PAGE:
MOOZ, the Moose, in conclusion, has his residence in the same area as the constellation called Pegasus by the ancient Greeks. Like Wenabozho, the celestial moose represents dagwaagin (the fall season) and also Gaayosedjig Doodeman (the Providers clan group on earth), whose members look after the tasks of scouting, hunting, and gathering.
AN UNILLUSTRATED LIST OF THE ANISHINAABE CONSTELLATIONS CLASSIFIED ACCORDING TO THE FOUR SEASONS:
ZIIGWAN - SPRING
Mishi-bizhiw Gaa-ditibaanowe': Great Lynx, the Curly Tail (Leo and Hydra)
Madoodiswan/Binesii-wazison: Sweat Lodge/Thunderbird Nest (Corona Borealis)
BIBOON - WINTER
Gaa-biboonikaan/Misaabe: Bringer of Winter/the Giant (Orion, Canis Minor, Taurus) Ma'iingan Anang: Wolf Star (Canis Major)
Amik Anangoog: Beaver Stars (Gemini)
Mashkode Bizhiki (Bison): Perseus
DAGWAAGIN - FALL
Mooz: Moose (Pegasus)
Bagonegiizhig: Hole in the Sky (Pleiades)
Madoodoowasiniig: Stones of the Sweat Lodge (Pleiades)
NIIBIN - SUMMER
Wenabozho/Nanabozho: the Great Hare Trickster (Scorpio and Orion)
Mishi-ginebig (Great Serpent): Scorpio
Ajiijaak/Bineshi Okanin/Binesi: Crane/Skeleton Bird/Thunderbird (Cygnus)
Noondeshin Bemaadizid: Exhausted Person (Sweat Lodge Bather): Hercules Midewigaan: the Medicine Lodge (Lyra)
CIRCUMPOLAR - ALL YEAR ROUND
Maang: Loon (Little Dipper)
Gichi-makwa: Big Bear (Big Dipper) (historical; Pre-contact era)
Ojiig: Fisher (Big Dipper) (Post-contact era)
Giiwedin Anang: Returning Home Star (Polaris)
Manoominike Anang: Wild-Ricing Star (Cassiopeia)
Mikinaak Anangoog: Turtle Stars (Capella)
AN ALPHABETICAL LIST OF STARS, PLANETS, AND STAR FORMATIONS ARRANGED ACCORDING TO LATIN OR GREEK NAME, FOLLOWED BY THEIR OJIBWE NAMES
Canis Major: Ma’iingan Anang
Canis Minor: Gaa-biboonikaan/Misaabe
Capella: Mikinaak Anangoog
Cassiopeia: Manoominike Anang
Corona Borealis: Madoodiswan/Binesii-wazison
Cygnus: Ajiijaak/Bineshi Okanin/Binesi
Gemini: Amik Anangoog
Hercules: Noondeshin Bemaadizid
Hydra: Mishi-bizhiw Gaa-ditibaanowe'
Jupiter: Ogimaa, Zhaawan-anang
Leo: Mishi-bizhiw Gaa-ditibaanowe'
Ursa Major: Ojiig Anang, Gwaaba’igan, Aadawaamoog
Ursa Minor: Maang, Makoons, Ojiig Anangoons/Ojiigansikwe
Perseus: Mashkode Bizhiki
Pleiades: Bagonegiizhig, Madoodoowasiniig
Scorpio: Wenabozho (Nanabozho), Mishi-ginebig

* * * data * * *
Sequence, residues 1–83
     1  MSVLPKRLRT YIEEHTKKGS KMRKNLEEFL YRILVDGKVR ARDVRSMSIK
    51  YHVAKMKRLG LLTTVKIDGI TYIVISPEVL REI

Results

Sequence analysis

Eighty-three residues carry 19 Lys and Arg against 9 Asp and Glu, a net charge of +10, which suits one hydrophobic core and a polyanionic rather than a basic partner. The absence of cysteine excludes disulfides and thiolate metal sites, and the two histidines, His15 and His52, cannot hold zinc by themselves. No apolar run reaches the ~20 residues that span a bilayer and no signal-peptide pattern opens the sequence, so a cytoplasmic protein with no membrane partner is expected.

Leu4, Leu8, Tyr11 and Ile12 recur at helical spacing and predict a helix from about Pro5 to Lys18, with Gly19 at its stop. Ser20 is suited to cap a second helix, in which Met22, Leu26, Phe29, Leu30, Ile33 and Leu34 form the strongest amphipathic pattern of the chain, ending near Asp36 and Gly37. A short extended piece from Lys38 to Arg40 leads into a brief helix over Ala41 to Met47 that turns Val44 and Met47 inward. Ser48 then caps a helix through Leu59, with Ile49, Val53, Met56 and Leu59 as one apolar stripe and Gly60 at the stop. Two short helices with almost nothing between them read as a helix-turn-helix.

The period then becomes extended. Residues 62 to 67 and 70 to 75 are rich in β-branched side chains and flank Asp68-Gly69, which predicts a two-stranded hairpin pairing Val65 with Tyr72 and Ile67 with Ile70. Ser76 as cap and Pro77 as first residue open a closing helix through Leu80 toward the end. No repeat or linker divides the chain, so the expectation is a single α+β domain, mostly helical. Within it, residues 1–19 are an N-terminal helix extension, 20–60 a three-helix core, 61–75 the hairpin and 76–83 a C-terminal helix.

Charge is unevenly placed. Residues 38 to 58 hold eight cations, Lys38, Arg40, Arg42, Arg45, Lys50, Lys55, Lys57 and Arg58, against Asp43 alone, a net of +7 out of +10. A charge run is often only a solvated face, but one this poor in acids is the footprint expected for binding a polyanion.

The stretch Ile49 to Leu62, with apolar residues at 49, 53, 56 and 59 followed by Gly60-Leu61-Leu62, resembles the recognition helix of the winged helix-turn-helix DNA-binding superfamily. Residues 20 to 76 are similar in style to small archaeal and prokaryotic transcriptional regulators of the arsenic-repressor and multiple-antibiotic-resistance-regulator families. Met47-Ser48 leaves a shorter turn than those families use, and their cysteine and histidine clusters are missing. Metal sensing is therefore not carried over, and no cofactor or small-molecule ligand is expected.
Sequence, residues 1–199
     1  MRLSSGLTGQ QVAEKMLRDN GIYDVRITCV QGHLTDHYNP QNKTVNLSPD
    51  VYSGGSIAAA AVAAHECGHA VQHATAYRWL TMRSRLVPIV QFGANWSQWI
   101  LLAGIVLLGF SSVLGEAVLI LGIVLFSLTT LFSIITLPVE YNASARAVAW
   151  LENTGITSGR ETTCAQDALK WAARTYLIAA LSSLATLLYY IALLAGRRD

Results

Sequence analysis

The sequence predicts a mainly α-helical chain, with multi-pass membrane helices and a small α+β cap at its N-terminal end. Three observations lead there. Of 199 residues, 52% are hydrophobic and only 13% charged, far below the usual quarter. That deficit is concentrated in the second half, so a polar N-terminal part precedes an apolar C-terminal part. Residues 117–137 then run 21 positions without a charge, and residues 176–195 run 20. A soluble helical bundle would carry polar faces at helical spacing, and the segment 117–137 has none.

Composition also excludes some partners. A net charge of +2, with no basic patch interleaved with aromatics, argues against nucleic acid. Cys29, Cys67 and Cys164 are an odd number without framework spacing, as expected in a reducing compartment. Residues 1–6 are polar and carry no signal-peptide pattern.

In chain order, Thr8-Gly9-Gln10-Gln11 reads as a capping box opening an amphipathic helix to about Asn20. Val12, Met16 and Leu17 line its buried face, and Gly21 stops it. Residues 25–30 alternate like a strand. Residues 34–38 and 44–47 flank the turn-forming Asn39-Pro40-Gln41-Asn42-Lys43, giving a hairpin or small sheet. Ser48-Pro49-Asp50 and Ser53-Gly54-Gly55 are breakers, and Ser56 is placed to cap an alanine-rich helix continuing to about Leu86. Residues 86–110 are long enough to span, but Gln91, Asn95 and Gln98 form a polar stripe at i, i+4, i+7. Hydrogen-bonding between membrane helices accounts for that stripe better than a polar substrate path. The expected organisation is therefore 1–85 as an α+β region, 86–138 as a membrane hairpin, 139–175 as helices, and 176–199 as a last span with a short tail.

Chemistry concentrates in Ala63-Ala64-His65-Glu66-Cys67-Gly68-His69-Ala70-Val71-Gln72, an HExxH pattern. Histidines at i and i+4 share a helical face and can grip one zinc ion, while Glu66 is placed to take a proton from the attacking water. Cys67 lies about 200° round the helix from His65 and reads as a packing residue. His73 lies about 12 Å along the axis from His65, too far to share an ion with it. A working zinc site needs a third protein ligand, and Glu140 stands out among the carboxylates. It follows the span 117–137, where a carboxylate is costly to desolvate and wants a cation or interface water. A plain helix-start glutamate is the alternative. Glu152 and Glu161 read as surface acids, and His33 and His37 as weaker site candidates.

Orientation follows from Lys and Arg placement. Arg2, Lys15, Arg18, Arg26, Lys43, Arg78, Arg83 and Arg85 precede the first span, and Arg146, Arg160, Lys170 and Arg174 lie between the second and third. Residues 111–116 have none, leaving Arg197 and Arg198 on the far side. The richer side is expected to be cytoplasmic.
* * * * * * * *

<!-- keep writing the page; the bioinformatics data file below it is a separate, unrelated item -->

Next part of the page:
Sirius: Giizhig Anang
Venus: Giizhig Anang, Nigaabii-anang, Waaban-anang
AN ILLUSTRATED, ALPHABETICAL LIST OF THE KNOWN ANISHINAABE STARS, CONSTELLATIONS & PLANETS
AADAWAA'AMOOG, or ODAADAWA'AMOOG: “They Go With Someone in a Canoe.” The three stars in the middle of the Gaa-biboonikaan winter constellation (Orion) are so close together they look as if they could be a hunter’s belt. By following a straight line from right to left through Gaa-biboonikaan’s belt, a path can be traced to Giizhig-anang the brightest star in the evening sky, within the constellation Ma’iingan (Canis Major). Giizhig-anang is called Sirius on the Western star maps.
The three stars that make up Orion's Belt (the three blue stars depicted in the figure of the Bringer of Winter, portrayed here as a Medicine Man raising his right arm and holding a otter medicine bag in his left hand) are imagined to be aadawaa'amoog: spirits traveling the Jiibay Miikana in celestial canoes.
This "Path of Souls," called Milky Way in the English language, was believed to be the "spirit path" that the souls of deceased humans followed to the spirit world after death.
AJIIJAAK is translated into English as Sandhill Crane. Another word for this 9-star constellation is Bineshi Okanin, the skeleton bird. This star formation is called Cygnus in Western astrology. Cygnus (a Latinized Greek word for Swan) is the official International Astronomical Union constellation name. The Anishinaabeg, however, see this summer constellation as a sandhill crane flying northward with its long legs trailing behind. Ajiijaak, or Bineshi Okanin, reflects and represents the Ojibwe Crane Clan (and possibly the Binesi/Thunderbird clan) on earth. It is this constellation – together with the Maang Anang, "Little Dipper/Ursa Minor" asterism – where our leader clans come from.